Differential Grading Standards and Student Incentives
AbstractWe present data on grades from three Canadian universities. These data suggest that grading standards differ significantly across disciplines within universities. To the extent that grading standards are not uniform across disciplines, the grade point averages (GPAs) of students with different course mixes cannot be meaningfully compared, and therefore their GPAs cannot legitimately be used to assess their relative achievement. Yet GPAs are used in precisely this way--to award scholarships, honours and degrees, and to ration access to courses, academic programs, and jobs. Hence, we think differential standards raise a fundamental issue of integrity for universities. We develop a simple human capital model to assess some of the distortions arising from differential standards and suggest some non-intrusive ways to rectify the problem.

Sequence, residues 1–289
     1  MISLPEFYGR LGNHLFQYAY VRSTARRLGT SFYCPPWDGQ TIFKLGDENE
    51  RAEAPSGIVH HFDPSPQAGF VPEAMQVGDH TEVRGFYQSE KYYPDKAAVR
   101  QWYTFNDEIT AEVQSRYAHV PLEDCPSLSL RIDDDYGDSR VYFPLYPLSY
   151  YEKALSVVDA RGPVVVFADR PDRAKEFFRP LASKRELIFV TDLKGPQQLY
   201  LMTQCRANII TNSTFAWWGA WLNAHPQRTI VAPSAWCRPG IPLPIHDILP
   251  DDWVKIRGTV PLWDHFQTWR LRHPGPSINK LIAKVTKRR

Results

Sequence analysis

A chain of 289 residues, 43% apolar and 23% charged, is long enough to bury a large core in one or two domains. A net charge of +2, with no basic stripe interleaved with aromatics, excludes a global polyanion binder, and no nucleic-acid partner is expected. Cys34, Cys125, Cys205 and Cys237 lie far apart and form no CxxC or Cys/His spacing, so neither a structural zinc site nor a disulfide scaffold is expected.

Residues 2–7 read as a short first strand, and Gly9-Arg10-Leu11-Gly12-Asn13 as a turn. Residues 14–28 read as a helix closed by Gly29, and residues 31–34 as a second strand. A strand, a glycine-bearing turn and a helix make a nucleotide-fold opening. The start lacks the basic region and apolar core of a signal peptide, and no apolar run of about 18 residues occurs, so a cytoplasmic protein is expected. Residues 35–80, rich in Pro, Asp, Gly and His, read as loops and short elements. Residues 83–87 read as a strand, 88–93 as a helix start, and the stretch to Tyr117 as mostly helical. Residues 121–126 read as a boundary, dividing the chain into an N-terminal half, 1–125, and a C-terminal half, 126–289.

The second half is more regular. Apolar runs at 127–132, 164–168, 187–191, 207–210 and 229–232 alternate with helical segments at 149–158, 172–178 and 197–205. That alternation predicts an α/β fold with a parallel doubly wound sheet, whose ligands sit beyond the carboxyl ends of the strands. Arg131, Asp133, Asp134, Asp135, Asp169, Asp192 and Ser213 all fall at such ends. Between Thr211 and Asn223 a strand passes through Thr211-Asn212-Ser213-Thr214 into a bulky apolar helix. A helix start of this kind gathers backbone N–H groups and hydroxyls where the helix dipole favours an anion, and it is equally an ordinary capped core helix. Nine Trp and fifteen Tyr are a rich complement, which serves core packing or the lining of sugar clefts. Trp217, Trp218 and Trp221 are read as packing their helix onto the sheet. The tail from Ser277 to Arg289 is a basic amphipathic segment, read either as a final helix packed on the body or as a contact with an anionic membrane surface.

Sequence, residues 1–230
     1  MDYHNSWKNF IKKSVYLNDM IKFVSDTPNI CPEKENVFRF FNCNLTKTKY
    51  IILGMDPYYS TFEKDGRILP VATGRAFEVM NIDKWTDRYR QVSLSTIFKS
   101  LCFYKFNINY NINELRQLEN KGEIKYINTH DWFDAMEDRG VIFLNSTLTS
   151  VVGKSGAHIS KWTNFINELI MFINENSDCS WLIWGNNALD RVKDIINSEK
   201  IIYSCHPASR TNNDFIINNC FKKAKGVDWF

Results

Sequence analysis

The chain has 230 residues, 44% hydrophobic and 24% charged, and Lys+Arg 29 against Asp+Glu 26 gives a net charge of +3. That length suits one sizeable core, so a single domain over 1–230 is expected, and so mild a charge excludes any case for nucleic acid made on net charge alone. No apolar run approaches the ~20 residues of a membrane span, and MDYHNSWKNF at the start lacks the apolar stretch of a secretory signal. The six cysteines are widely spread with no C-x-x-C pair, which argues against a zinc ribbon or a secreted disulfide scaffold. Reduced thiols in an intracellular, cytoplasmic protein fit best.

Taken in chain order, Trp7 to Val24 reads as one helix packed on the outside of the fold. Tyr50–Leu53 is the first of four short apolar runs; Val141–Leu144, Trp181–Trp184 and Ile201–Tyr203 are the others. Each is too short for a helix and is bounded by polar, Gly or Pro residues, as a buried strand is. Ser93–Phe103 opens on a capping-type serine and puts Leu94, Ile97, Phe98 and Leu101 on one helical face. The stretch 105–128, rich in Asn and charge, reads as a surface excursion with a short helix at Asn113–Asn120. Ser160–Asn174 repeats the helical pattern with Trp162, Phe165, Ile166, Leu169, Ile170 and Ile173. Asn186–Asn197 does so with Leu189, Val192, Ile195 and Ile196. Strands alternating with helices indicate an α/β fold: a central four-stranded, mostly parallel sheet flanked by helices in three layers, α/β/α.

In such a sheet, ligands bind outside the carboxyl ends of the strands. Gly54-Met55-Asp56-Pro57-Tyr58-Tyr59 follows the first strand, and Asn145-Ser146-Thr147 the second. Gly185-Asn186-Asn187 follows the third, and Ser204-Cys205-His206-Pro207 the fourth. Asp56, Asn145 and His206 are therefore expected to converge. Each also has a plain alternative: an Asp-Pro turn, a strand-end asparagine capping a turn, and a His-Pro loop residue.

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Bibliographic InfoArticle provided by University of Toronto Press in its journal Canadian Public Policy.
Volume (Year): 34 (2008)
Issue (Month): 2 (June)
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Postal: University of Toronto Press Journals Division 5201 Dufferin Street Toronto, Ontario, Canada M3H 5T8
Web page: http://economics.ca/cpp/
Please report citation or reference errors to , or , if you are the registered author of the cited work, log in to your RePEc Author Service profile, click on "citations" and make appropriate adjustments.:
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Ruhr Economic Papers
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- Bauer, Thomas K. & Grave, Barbara S., 2011. "Performance-related Funding of Universities: Does More Competition Lead to Grade Inflation?," IZA Discussion Papers 6073, Institute for the Study of Labor (IZA).
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